Hungary. While the sweet wines from Tokaji are world renowned, the dry wines of the region are less well known. And yet the grapes that comprise the noble rot versions lend themselves well to dry wine production. Furmint is thought to be the off-spring of the almost extinct Gouais Blanc variety, making it a half-sibling of Chardonnay and Riesling. Dry Furmint is noted for its firm acidity, light to moderate body and smoky, citrus, orchard fruit aromas. Hárslevelű , the secondary blending grape in Tokaji, is a bigger, more full bodied white with spicy, floral aromatics.

Greece. It seems like more and more Greek wines are popping up on liquor board shelves these days, so perhaps this is a little less exotic for some. Unfortunately, many think only of the pine resin flavoured Retsina when they consider Greek wines. Excellent dry whites, rosés and reds are in abundance in all corners of the mainland and islands of this sunny paradise.

Excellent dry whites, rosés and reds are in abundance in all corners of the mainland and islands of this sunny paradise.

The white grape Assyrtiko of the Aegean Islands, thrives in the volcanic soils of Santorini, where a light, crisp, mineral-edged style is produced. The most widely planted red is Agiorgitiko (pronounced: Ah-yor-YEE-te-ko). The style is a little harder to pin down as, depending on the region and winemaking style, it can range from soft and smooth, to fairly robust and tannic. The majority of commercial styles feature fairly low acidity, plush, plummy fruit and rounded tannins; best served slightly chilled.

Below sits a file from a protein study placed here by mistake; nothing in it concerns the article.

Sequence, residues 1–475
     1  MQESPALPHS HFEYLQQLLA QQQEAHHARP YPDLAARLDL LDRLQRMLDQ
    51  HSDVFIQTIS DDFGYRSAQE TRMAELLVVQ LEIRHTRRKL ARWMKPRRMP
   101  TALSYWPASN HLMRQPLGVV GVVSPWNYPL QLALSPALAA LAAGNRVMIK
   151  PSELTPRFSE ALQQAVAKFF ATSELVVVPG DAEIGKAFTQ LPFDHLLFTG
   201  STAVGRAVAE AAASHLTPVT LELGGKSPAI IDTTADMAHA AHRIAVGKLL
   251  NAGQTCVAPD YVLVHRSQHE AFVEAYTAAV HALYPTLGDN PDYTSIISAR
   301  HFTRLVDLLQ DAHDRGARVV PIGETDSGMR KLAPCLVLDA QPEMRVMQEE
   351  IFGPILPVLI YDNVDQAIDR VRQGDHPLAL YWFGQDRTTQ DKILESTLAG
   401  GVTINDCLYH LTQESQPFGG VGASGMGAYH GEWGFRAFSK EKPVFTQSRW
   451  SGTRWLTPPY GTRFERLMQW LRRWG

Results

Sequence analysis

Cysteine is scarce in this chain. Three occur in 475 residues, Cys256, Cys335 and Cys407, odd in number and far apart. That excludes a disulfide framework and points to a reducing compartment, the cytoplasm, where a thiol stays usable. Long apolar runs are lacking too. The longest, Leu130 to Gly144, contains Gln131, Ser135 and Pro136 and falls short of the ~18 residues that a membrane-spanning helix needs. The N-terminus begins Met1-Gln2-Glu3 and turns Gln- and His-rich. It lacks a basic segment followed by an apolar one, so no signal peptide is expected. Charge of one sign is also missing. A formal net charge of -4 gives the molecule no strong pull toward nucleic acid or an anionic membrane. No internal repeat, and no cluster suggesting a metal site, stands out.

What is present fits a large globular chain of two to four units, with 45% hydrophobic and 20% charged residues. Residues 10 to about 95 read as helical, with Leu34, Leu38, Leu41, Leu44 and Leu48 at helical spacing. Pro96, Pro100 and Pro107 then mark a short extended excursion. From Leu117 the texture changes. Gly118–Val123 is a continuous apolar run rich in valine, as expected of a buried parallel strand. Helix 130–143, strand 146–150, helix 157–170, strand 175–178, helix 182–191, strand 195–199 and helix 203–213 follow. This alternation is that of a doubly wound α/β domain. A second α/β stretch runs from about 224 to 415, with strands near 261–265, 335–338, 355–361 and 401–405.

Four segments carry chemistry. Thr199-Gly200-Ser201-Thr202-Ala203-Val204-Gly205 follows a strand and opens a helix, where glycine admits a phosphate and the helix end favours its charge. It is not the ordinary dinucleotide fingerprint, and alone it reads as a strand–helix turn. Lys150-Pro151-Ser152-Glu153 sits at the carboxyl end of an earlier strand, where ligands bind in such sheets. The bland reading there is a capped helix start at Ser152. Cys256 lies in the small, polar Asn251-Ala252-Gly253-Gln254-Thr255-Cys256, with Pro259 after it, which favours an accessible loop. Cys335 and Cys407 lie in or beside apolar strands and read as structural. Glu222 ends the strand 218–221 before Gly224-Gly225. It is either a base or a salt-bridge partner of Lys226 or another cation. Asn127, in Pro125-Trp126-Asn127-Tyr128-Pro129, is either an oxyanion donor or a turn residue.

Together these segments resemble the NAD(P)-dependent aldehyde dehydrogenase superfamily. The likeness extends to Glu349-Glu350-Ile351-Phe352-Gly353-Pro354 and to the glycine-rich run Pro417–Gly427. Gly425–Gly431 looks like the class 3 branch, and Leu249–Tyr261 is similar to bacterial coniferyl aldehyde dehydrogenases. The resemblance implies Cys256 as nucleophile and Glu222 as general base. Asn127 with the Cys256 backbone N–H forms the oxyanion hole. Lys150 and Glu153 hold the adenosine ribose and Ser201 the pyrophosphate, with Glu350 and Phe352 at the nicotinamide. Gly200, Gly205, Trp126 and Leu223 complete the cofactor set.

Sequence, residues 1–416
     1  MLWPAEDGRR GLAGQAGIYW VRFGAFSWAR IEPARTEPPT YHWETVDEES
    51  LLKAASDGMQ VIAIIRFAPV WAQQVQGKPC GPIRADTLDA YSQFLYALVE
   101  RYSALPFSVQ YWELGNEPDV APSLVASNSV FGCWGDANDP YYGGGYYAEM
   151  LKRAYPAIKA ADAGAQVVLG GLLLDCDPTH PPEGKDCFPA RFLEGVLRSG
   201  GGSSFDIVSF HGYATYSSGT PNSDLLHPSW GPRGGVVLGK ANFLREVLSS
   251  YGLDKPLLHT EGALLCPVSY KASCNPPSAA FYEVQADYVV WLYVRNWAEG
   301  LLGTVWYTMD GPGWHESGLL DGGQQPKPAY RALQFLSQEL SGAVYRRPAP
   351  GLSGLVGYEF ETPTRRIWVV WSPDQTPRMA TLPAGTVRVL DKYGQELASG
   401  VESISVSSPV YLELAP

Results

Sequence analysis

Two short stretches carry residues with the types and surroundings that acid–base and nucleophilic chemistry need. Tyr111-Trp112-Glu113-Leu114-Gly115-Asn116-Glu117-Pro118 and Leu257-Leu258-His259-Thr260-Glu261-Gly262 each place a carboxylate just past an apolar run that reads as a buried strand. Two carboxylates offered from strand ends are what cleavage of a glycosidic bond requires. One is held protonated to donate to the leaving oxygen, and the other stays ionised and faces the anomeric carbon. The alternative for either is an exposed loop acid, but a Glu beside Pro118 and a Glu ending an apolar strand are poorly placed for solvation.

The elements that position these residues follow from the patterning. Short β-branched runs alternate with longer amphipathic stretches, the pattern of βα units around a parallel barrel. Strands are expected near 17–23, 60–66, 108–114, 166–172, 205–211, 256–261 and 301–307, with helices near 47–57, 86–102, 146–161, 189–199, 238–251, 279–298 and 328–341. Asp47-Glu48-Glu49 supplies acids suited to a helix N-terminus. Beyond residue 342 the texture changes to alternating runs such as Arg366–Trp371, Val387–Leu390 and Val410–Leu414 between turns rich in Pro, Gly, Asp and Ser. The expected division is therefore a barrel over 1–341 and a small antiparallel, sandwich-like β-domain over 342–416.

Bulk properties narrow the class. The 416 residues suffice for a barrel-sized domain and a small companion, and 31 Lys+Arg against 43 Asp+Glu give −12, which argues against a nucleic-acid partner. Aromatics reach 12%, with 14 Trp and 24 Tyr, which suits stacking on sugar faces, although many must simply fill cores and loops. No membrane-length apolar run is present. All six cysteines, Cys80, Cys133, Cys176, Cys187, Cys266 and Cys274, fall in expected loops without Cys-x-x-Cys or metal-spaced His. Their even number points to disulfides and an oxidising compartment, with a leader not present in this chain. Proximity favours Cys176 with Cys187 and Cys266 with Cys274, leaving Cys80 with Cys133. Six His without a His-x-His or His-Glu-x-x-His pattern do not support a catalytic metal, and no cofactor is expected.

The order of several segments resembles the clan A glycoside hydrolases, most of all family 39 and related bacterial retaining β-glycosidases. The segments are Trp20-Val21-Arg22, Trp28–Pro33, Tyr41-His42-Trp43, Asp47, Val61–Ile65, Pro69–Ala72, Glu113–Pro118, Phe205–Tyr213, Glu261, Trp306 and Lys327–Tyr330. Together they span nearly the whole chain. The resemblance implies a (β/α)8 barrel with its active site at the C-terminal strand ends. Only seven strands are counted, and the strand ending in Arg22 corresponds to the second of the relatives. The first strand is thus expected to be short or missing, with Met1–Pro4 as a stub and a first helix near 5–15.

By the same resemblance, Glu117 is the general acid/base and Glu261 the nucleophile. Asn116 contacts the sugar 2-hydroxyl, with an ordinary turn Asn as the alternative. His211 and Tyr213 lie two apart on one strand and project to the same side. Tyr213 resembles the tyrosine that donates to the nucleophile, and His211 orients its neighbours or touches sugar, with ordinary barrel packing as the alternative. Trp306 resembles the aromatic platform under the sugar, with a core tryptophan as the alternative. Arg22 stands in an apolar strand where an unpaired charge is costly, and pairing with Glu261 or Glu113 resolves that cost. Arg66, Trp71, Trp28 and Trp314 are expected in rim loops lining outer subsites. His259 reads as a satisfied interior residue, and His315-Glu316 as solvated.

Bulgaria. Though it may be hard to believe today, Bulgaria was the second largest wine producer world-wide in the early 1980s. Anti alcohol regulations put in place in the region by Gorbachev, followed by the demise of the country’s communist regime led to a sharp decrease in vineyard cultivation. Production levels have crept back up in recent years, with foreign investment in the now privatized vineyards. While volumes remain far lower than at their heyday, the quality is far superior.

The Thracian Valley in Southern Bulgaria has a moderate, continental climate ideal for producing hearty, fruit-laden reds. While the area is best known for full-bodied, oak-scented Cabernet Sauvignon, wineries are increasingly diversifying their offer to include interesting indigenious varieties like the bold, spicy Mavrud or earthy, fruity Pinot Noir.

Here are a few of my recent, great value finds (What do VW, PW and LW mean?  Click on my wine scoring system to find out).:

BM_Cuvee_de_lEcusson_rose_136x520   PajzosTokaji    cq5dam.web.1280.1280 11885377_is

Photo credits: Bernard-Massard, Château Pajzos, LCBO (Argyros bottle shot), SAQ (Soli bottle shot)

Bernard-Massard Cuvée de L’Ecusson Brut Rosé NV – 88pts. VW

Pretty, salmon coloured pink colour. Inviting aromas of ripe red berries and subtle floral undertones feature on the nose. Lively acidity defines the palate, with tart berry flavours lifting the palate, and a subtle creamy mid-palate weight. The bubbles are fine and persistent. Dangerously easy drinking; pairs really well with sushi.

Where to Buy: SAQ (20.65$), not currently available at the LCBO, but the white is a bargain at 18.95$)

Château Pajzos Tokaji Furmint 2015 – 89pts. VW

Pale straw in colour. The nose opens with moderately intense aromas of lemon curd, hawthorn flowers and orchard fruit. While light in body and in concentration, the rounded structure provides a nice counter weight to the bracing acidity, making for a very refreshing white. Sweet citrus and faintly grassy flavours feature on the finish. Amazing value for the price, in a very classy package.

Where to Buy: (SAQ: 15.15$)

Argyros Assyrtiko IGP Santorini 2015 – 90pts. PW

Pale straw in colour. Intriguing nose featuring anis, saline aromas, citrus and underlying herbal notes. Tangy and fresh on the palate, with crisp, lemony acidity, a light, linear structure and lingering saline, citrus notes through the finish. Unoaked, well balanced and utterly drinkable.